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Re: Cooling down light fixture? or Some cats are just too cool

A couple of points I meant to put in my last post but

I assume your T12 and PC fixtures are in separate
enclosures.  The AllGlass fixtures are generally
extensively tested and I wouldn't expect their T12 fixtures
to produce a lot of heat in the small space of the hood,
even though it relies on convection cooling.  Measuring the
temp wouldn't be a bad idea, so long as you had a
thermometer that reads well past a couple hundred or so
degrees F.  You'll probably find that the T12 fixture is
not very hot -- between 80 and 100 or so degrees at most. 
Cooling that fixture would probably reduce the the light
output without having a significant impact on bulb life. 
the variability in bulb life span is affected by a number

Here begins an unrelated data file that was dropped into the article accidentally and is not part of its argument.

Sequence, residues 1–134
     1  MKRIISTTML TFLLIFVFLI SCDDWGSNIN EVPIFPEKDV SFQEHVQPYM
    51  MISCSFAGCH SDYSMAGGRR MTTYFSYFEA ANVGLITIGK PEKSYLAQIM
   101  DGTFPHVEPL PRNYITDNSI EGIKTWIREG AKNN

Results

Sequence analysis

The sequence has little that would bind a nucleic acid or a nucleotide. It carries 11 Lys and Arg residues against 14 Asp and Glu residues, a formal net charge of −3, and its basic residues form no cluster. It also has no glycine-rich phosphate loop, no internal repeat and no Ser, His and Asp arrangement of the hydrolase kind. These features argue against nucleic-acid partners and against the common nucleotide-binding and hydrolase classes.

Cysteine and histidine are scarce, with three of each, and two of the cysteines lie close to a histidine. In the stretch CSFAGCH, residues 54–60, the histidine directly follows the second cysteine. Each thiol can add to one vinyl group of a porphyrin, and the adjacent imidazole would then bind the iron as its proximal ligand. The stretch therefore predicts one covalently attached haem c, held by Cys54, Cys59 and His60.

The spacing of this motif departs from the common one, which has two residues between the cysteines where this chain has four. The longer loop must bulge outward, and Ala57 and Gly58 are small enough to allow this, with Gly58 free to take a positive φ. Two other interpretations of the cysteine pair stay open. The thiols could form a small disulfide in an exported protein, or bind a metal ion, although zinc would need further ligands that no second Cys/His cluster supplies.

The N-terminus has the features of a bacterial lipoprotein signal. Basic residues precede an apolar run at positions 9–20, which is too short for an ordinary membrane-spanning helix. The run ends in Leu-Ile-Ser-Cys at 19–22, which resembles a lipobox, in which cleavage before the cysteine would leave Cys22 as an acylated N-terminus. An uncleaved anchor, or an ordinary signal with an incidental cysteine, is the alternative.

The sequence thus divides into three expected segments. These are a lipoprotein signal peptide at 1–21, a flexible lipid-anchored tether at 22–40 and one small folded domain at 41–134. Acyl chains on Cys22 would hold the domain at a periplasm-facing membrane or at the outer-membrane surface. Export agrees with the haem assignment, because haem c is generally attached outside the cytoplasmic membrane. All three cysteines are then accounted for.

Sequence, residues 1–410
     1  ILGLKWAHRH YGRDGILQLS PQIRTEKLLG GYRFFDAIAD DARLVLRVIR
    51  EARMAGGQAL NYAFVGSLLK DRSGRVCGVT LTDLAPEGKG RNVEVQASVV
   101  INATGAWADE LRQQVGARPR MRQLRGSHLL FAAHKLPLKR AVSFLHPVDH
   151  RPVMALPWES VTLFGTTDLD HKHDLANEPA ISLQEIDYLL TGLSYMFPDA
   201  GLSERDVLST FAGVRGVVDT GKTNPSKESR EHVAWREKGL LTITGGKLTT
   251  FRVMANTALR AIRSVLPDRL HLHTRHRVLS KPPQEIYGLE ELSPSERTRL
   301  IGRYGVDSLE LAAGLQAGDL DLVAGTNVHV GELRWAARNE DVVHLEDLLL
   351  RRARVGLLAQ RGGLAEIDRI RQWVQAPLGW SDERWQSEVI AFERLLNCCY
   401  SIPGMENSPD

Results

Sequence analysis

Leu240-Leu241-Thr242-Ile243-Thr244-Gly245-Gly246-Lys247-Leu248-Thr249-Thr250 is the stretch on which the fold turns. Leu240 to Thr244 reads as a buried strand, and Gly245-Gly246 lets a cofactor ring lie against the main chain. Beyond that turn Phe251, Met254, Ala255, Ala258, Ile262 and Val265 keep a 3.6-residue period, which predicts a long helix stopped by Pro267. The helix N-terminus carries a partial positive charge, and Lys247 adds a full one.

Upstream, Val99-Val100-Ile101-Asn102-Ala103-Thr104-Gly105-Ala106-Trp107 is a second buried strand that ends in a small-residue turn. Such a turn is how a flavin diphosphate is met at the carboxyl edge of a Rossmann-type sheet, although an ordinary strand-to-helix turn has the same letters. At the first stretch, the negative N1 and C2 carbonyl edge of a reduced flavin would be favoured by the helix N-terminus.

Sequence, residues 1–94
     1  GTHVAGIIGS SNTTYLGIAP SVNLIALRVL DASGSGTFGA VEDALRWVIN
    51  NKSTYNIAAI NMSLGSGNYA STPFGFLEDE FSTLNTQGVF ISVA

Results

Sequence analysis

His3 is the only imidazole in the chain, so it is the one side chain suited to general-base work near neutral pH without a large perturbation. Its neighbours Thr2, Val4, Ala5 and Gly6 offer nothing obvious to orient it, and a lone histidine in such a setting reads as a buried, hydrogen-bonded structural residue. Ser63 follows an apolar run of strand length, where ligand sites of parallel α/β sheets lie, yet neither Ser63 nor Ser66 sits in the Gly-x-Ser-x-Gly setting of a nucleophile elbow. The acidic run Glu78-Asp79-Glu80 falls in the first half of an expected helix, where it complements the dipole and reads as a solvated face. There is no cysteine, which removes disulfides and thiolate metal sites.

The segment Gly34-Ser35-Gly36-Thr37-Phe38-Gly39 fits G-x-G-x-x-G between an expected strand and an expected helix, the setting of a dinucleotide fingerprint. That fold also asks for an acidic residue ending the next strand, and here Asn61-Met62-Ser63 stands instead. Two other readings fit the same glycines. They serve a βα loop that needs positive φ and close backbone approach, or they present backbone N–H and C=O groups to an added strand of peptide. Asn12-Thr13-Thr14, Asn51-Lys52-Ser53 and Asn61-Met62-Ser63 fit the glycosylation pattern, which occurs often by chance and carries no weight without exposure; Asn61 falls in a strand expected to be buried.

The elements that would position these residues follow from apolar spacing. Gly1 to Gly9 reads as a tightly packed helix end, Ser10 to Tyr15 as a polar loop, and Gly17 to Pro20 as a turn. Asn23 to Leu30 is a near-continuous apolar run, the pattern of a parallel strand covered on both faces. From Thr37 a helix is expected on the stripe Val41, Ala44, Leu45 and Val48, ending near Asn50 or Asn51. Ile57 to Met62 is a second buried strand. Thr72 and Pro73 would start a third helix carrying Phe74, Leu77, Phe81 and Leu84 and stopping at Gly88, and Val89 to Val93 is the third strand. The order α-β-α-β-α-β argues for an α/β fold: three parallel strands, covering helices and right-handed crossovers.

of things, and a few degrees within the normal dsign
temperature range isn't going to change your life or the
length  of that of your bulbs'.  But lowering the temp
below the design temp for full vaporization of the mercury
is going to reduce the light output, even though your tank
won't be apreciably cooler.

PCs pack more watts into less space than T12s (at least the
way that AllGlass drives T12s ;-)  ) and can present more
of a heat concern, depending on the number of lamps you
squeeze over a tank.  AllGlass PV fixtures don't squeeze a
lot of lamps over a tank.  AllGlass won't put two PCs side
by side in a hood and I suspect that heat is one of the
reasons -- they want to avoid any potential heat issues for
their customers (their market includes a lot of folks that
don't want to fiddle with their equipment or have new
equipment present new issues.)  Anyway, compared to the T12
fixture, the PC fixture is more likely to be adding more
heat, faster, than your tank can get shed it.  But if it's
a single PC in a hood, like an AllGlass PC, then you might
consider a simpler solution to reduce tank heating -- put a
moderately sized room or desk fan in the room blowing on
the tank.  Some folks find that gives them enough cooling
in those hottest months of the year when heat is an issue. 
It avoids all of the modifications to the hoods.

Good luck,
Scott H.

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